Has Medicine Lost Its Mind?
Your physician is not trained to treat your mental health problems.
Posted February 7, 2018
Since 1985, I’ve focused on patient-centered communication and mental health care in medical settings. That’s right—medical settings—not psychiatric settings. That’s because primary health care physicians are typically the first person a patient goes to for help with their mental health problems. And these physicians are rarely trained to recognize, diagnose, or treat those mental health disorders.
Trained as an internist, I teach medicine at Michigan State University where I work with students, residents, and colleagues to study the vast array of mental health disorders in our clinics. We’ve had to address mental health because help from psychiatry is terribly scarce. My job keeps me busy teaching, supervising, publishing, traveling to present papers and, of course, attending lots of meetings.
So if I’m that busy, why start a blog?
To sound an alarm.
I’m worried, scared really. I love medicine, but over the years I’ve seen that the profession has a frightful problem. Worse, it doesn’t recognize the problem.
The problem: by restricting its interest to physical diseases, medicine fails its patients who come to them with mental health disorders. According to the Healthy People initiatives, only twenty-five percent of patients with mental illness receive any care, while sixty to eighty percent of those with heart disease and other medical problems receive care. Further, although physicians are well prepared to provide your heart the care it needs, care for mental health patients mostly falls below standards.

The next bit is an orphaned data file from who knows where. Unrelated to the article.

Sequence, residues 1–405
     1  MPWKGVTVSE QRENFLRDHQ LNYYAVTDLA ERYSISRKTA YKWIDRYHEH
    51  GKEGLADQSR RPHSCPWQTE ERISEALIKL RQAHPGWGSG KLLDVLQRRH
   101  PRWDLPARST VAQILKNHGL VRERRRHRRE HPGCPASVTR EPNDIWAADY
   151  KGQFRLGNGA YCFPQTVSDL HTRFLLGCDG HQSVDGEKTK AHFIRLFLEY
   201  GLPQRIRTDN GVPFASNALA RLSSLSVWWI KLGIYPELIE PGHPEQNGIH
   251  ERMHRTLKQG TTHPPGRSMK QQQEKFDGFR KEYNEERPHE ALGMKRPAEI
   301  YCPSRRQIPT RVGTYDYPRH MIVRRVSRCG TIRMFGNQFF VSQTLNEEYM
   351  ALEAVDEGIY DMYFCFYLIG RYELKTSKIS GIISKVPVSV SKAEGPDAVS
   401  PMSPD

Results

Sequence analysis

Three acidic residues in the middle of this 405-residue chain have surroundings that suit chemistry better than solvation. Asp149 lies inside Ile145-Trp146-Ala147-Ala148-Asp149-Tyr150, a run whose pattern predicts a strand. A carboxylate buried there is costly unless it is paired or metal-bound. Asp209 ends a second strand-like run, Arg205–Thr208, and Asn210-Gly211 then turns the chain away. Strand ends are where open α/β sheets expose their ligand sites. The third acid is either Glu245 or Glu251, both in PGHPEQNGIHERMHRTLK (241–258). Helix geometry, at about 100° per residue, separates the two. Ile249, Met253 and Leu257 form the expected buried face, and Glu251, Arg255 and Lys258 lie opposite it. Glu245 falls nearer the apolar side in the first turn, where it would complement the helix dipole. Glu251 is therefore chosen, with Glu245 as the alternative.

Why? Because, according to research from the National Institute of Mental Health, eighty-five percent of all mental health care is provided by medical clinicians. And, as I’ve said, they have not been trained to provide mental health care.
That’s right, your doctor is not trained to provide care if you (or your family and friends) happen to become depressed, have an alcohol problem, develop a panic disorder, are suicidal, are painfully shy around people, or have chronic pain. Sure, I know, for chronic pain, they might give you a narcotic, like oxycodone. But that’s the wrong treatment—and can lead to addiction.
You’re probably as worried as I am by now. But my concern goes beyond the individual patient to society’s needs. According to the National Alliance for Mental Illness, mental disorders are the most common condition physicians face in practice, more common than heart disease and cancer combined.
Here’s what’s really bizarre. First, understand that everyone in the medical profession recognizes there has never been—and never will be—enough psychiatrists. Second, to correct the mental health crisis, all the medical profession would need to do is train all graduates to be as competent with mental health problems as they are for medical problems. Medicine knows this—but has not changed educational practices for mental health care in over 100 years. That’s right—when it comes to mental health care, we haven’t changed our standards of training in over a century! To illustrate, for four years of medical school and three years of a primary care residency, medicine devotes no more than one or two percent of total teaching to mental health care, despite it being the most common problem its graduates will face in practice.
Medicine seems not to understand what, to me, is a simple concept: train the people who provide the care. I’m sure you understand the need to do so, so why doesn’t medicine? In future posts, I’ll explore the many reasons the medical profession has failed us—and discuss current events that touch on the many intersections between our mental and our physical health.